Dear Members of the Oberlin Community:

I am writing to update you on the lawsuit that Gibson Bros., Inc. filed against Oberlin College and Vice President and Dean of Students Meredith Raimondo in the Lorain County Court of Common Pleas in November 2017.

Following a trial that spanned almost a full month, the jury found for the plaintiffs earlier today.

We are disappointed with the verdict and regret that the jury did not agree with the clear evidence our team presented.

Neither Oberlin College nor Dean Meredith Raimondo defamed a local business or its owners, and they never endorsed statements made by others. Rather, the College and Dr. Raimondo worked to ensure that students’ freedom of speech was protected and that the student demonstrations were safe and lawful, and they attempted to help the plaintiffs repair any harm caused by the student protests.

As we have stated, colleges cannot be held liable for the independent actions of their students. Institutions of higher education are obligated to protect freedom of speech on their campuses and respect their students’ decision to peacefully exercise their First Amendment rights. Oberlin College acted in accordance with these obligations.

While we are disappointed with the outcome, Oberlin College wishes to thank the members of the jury for their attention and dedication during this lengthy trial. They contributed a great deal of time and effort to this case, and we appreciate their commitment.

Our team will review the jury’s verdict and determine how to move forward.

Donica Thomas Varner
Vice President, General Counsel & Secretary

Legal Insurrection then goes into details on why sending this message is so baffling, and why it’s not a good idea. They wondered why someone with Varner’s experience would do something like this.

Someone with such deep experience as Varner should have known better than to send out such a statement in the middle of trial, particularly on the cusp of a punitive damages hearing. I understand the college felt the need to say something, but first do no harm. Simply send out a mass email, since alumni were going to hear about the verdict through the news, indicating that college cannot comment since the trial is ongoing, and that more information will be provided after the trial is over. Or express a vague regret at the verdict and respect for the jurors.

Which would make sense of course.

But for heaven’s sake, don’t make things worse.

Don’t accuse the jurors of disregarding the “clear evidence,” don’t repeat the same failed claim that the college administrators were simply keeping the peace and protecting free speech when numerous witnesses testified otherwise, and don’t claim the college was held liable vicariously when in fact the college’s own conduct was at issue.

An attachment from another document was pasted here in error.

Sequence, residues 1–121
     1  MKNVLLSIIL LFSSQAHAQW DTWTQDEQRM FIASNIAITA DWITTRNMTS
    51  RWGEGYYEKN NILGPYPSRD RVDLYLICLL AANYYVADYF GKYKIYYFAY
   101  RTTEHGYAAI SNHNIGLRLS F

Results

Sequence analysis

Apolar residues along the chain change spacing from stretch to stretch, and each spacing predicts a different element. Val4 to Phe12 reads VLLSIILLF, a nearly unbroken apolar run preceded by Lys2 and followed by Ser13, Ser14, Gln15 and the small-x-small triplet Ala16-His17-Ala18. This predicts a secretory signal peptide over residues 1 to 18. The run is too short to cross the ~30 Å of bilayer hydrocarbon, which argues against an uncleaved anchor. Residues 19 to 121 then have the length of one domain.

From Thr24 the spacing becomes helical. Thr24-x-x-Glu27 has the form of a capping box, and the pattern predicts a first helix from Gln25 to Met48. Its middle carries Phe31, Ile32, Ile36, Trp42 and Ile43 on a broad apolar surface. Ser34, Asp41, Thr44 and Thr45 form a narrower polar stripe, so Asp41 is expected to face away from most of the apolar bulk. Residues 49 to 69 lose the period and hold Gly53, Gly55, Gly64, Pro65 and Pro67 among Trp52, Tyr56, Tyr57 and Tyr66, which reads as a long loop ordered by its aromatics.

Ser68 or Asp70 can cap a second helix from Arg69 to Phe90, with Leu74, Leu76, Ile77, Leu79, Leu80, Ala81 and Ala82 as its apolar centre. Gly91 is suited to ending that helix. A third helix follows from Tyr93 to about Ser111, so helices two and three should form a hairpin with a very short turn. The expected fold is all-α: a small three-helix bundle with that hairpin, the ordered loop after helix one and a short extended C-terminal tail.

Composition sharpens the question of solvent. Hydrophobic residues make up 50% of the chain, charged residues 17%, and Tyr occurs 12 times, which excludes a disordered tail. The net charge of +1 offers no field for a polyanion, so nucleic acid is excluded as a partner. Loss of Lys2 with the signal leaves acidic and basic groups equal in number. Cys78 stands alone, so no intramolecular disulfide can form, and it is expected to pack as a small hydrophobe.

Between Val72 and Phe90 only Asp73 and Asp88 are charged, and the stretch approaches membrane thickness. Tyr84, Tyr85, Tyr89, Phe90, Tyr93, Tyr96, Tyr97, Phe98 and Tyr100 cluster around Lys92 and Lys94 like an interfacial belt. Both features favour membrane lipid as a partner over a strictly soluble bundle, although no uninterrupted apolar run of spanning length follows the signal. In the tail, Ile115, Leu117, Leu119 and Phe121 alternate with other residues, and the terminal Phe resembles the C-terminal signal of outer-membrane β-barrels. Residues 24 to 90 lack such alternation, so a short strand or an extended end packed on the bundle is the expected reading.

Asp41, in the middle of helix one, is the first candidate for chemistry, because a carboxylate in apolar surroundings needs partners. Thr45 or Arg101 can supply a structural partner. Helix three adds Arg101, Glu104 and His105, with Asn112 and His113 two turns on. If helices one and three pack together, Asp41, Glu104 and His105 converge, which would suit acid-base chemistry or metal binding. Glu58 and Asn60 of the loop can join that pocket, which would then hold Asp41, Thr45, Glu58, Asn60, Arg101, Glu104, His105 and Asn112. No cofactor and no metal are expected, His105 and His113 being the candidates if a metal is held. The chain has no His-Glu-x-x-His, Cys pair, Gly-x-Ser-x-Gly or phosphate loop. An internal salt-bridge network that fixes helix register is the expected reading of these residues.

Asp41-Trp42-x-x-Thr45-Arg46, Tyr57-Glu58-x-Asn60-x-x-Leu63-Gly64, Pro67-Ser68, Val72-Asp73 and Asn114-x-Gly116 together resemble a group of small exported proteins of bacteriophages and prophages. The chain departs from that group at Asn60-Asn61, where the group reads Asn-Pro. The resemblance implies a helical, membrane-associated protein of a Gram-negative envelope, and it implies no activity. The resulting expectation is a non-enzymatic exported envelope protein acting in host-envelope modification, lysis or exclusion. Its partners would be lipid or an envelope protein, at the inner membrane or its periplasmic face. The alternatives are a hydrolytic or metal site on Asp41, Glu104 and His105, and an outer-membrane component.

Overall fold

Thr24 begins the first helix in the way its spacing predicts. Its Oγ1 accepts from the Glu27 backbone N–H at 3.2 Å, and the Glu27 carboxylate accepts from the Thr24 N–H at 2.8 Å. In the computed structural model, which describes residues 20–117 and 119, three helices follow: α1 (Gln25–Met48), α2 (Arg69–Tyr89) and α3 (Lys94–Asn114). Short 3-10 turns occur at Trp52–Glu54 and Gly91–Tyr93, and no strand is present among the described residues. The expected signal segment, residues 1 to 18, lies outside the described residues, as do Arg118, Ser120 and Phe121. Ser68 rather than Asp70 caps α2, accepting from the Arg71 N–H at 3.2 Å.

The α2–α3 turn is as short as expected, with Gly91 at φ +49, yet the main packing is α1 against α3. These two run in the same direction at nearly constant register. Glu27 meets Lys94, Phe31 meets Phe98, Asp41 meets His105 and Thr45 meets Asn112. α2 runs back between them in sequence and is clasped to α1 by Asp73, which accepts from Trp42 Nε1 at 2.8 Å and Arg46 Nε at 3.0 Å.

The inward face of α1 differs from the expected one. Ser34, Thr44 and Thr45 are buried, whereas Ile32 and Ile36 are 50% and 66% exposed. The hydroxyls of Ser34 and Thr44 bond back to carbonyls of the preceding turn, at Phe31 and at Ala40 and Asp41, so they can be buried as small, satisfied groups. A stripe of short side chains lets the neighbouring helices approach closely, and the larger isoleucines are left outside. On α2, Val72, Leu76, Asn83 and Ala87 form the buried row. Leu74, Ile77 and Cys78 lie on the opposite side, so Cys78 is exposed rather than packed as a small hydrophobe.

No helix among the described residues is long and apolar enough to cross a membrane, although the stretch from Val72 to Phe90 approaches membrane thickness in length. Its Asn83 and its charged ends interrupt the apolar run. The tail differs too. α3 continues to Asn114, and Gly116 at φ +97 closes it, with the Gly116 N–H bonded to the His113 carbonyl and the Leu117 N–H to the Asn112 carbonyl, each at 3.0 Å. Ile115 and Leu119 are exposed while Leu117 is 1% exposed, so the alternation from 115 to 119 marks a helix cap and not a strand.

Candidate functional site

I think saying “Don’t make things worse” is, in the case, like closing the door after the horse has left. Oberlin’s insurance carrier has told them that they won’t cover this judgment. According to the American Thinker:

The insurer that covers Oberlin College for liability, Lexington Insurance Company, filed documents with court last month indicating that its umbrella liability policy would not cover costs of any judgment for the plaintiffs. That means that if, after the appeals process has run its course, the plaintiffs move to collect the $11 million a jury just awarded them (plus whatever punitive damages – up to $22 more – are awarded next week), Lexington likely won’t pay and Oberlin would have to sue for reimbursement.

Now granted, there is a long way to go with this. There is no doubt at all that Oberlin is going to appeal this case as far up as they can. I have a suspicion that it isn’t going to work. While the appeals are underway, interest is accruing on the judgment. Since this could be going on for a few more years, and if Oberlin loses all the way up, that maximum of $33 million dollars is probably going to hit $40 or more million dollars.

If the insurance company also wins, and doesn’t have to cover the judgment, well, that money has got to come from somewhere, and I assume that tuitions will go up and worthless classes will and staff will be cut.. As to the individuals that were sued and lost, I don’t know if the college will indemnify them and cover those judgments. The worst case scenario for the individuals is that Oberlin College walks away from them and they have to cover their share, if any, of the judgments.

The next phase should be interesting and very entertaining. As you can imagine, the Left wing Progressives are already screaming about how this “Chills the right of free speech.” Of course, these collectivist ninnys have absolutely no problem suppressing the rights of anyone they don’t agree with. All I can say to Oberlin, it sucks to be you.

Thatisall